Ireland is in prime position to profit from Brexit relocations
Dr Kieran Michael Conroy looks at how Ireland could be in the hot seat as businesses have already begun relocating some UK operations to other EU hubs as a result of Brexit.
The race is on to sweep the crumbs from Britain’s table as global corporations position themselves for Brexit-related risks. The flow of money from investors around the world – so-called foreign direct investment (FDI) – will change, even before the nature of the UK’s exit from the EU becomes clear. Some of the biggest businesses have already begun relocating some UK operations to other potentially attractive European hubs.
Ireland should be in the hot seat. It has been a key regional location for corporate relocations. Since its accession to the EU, and the deliberate structuring of an economy open for foreign investment, Ireland has been a significant player in the global FDI arena. Its location on the periphery of Europe, a talented workforce, tax incentives and a dedicated agency to attract FDI have all contributed.
And it may be a deeply important moment for Dublin. Potential changes to US corporation tax laws could dramatically impact the flow of FDI into the country. The US president, Donald Trump, wants to cut the tax paid by US business to 10% from 35%, which could clearly affect the pace of investment into Ireland. Some large US corporations such as Apple, Amazon and Intel are already beginning to reinvest in advanced manufacturing in the US in a bid to get ahead of Trump interfering in their affairs.
These tax reforms are unlikely to take effect this year, but Ireland still needs to respond effectively to this potential obstacle. Both Brexit and US tax reform inject opportunity and risk into the Irish FDI landscape. But if we look at the historical flow of this investment into Ireland, then we can see how a successful response might be plotted.
Waves of Fortune
Investment into Ireland since joining the EU has pretty much come in three major waves. First, in the 1970s, growth in basic manufacturing was driven by tax incentives. The second wave began in the 1990s when Irish subsidiaries of large corporations began to gain and develop more specialised responsibilities such as product development.
However, it is now time for Ireland to take advantage of an emerging third wave of FDI in the form of regional and global headquarters relocations. This process will be intensified by Brexit.
Much of the investment from these three waves originates from US corporations largely due to a bundle of political and historical ties. However, the third wave is also predisposed to FDI from the east, particularly from large Chinese corporations. Further attracting investment and headquarters relocation from Chinese firms may be an important step in liberating Ireland from its reliance on corporate America.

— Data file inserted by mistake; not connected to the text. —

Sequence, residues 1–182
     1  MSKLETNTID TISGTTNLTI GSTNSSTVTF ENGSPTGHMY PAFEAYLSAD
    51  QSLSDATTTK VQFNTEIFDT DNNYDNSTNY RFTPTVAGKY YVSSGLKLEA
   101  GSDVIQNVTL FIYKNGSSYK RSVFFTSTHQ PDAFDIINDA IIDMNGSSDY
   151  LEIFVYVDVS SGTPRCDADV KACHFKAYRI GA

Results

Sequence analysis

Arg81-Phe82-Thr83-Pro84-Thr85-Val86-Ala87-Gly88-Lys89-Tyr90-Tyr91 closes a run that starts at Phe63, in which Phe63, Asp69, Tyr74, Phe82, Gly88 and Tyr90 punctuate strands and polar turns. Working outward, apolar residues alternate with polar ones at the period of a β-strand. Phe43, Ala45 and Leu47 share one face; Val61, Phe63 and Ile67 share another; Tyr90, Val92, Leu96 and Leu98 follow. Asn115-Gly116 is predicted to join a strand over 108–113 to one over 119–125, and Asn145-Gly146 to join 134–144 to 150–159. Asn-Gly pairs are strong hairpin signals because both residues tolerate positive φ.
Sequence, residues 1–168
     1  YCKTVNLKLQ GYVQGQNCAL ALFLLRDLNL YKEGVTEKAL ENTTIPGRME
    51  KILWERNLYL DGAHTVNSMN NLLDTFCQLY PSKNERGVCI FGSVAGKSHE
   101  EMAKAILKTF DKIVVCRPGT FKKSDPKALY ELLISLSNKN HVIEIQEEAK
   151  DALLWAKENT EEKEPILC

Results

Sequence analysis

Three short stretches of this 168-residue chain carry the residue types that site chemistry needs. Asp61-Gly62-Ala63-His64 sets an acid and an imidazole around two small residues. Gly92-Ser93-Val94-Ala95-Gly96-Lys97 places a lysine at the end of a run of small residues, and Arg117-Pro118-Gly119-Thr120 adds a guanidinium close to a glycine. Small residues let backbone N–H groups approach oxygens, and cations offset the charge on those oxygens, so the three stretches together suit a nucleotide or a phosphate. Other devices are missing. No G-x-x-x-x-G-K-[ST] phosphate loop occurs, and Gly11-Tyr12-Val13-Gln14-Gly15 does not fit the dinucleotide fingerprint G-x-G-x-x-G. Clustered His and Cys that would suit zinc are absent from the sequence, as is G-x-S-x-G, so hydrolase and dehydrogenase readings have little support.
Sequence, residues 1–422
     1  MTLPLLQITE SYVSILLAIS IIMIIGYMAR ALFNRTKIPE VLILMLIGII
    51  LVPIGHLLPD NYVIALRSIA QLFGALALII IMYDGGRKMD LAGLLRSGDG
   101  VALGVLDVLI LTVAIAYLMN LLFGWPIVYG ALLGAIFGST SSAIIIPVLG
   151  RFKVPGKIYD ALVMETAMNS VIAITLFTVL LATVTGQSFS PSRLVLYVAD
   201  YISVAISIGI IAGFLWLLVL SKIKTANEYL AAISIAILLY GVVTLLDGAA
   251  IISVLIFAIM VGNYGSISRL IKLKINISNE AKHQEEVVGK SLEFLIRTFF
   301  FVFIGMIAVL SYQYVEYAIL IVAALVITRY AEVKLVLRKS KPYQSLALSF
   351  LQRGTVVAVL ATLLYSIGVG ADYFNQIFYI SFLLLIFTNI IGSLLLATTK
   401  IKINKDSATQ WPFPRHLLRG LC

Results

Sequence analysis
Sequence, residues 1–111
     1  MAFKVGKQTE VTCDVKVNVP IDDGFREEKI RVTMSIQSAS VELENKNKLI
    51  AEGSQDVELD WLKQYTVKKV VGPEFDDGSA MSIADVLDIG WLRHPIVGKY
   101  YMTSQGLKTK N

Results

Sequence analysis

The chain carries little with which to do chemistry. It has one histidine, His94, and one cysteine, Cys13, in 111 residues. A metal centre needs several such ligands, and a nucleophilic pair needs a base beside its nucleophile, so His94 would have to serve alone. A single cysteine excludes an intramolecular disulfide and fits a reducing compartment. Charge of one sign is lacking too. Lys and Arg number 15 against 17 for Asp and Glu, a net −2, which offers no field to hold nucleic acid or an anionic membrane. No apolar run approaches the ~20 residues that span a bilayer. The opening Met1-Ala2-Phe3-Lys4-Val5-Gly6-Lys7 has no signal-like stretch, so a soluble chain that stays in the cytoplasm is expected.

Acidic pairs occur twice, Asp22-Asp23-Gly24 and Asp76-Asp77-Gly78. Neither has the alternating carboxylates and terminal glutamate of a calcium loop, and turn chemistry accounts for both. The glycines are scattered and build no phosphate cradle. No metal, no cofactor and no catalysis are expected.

The “China-Dublin” affair may benefit from recent negotiations for a direct air route between the Irish capital and Beijing. All efforts down this road will serve to make Ireland a more attractive proposition for global companies pushed to look away from the UK by the approach of Brexit, even if there will remain significant competition from other major European cities such as Frankfurt and Paris.
Dublin’s got talent
There are many recent examples of firms moving their regional or global headquarters to Ireland from other countries. Some argue that the pursuit of aggressive tax avoidance is the sole incentive for this strategy but the availability of talent also appears crucial.
Recent research I have carried out at Queen’s University Belfast sheds light on the complexity of managing these EU regional headquarters and on how well equipped Irish managers are to do so. These are not mere placeholders. They are expected to meet challenging requirements from demanding US parents while simultaneously managing complicated operations across Europe.
The tax breaks helped create an environment where skills could be acquired and deployed, and so as well as being a regional hub, Ireland is quickly becoming a global hub for coordinating the activity of large corporations. Google, Facebook and LinkedIn have all installed major headquarters in Ireland in recent years and established talent, available to hire, is a key factor. Research has shown that Irish managers have become a benchmark for troubleshooting global problems at innovative firms.
Ireland’s pro-business institutions, particularly that dedicated body for attracting FDI, IDA Ireland, are masters of “courting” these multinationals. They will have a central role to play in this relocation process. Dublin was recently announced by Oxford Economics as the world’s most competitive city for financial services, and this is an important sector to focus on for Brexit relocations.
The Irish prime minister, Enda Kenny, has openly planned to lure global financial services firms away from the UK, with a plan to grow the sector in Ireland by 30% over the next five years. And there is evidence this is working. Just last week, on the back of threatening large relocations post-Brexit, US investment bank JP Morgan doubled its workforce in Dublin. The quality of the infrastructure and flexible immigration policies were cited as two major reasons.
Just as Trump threatens to close one door with his promised low tax environment for companies who relocate operations back to the US, so Brexit has opened another. And Ireland’s sometimes criticised role as a tax efficient haven for the world’s biggest firms could well put it in prime position to benefit, as long as it can identify and cajole those businesses most eager to shift operations from its Brexiting neighbour across the Irish Sea.
Article first appeared in The Conversation.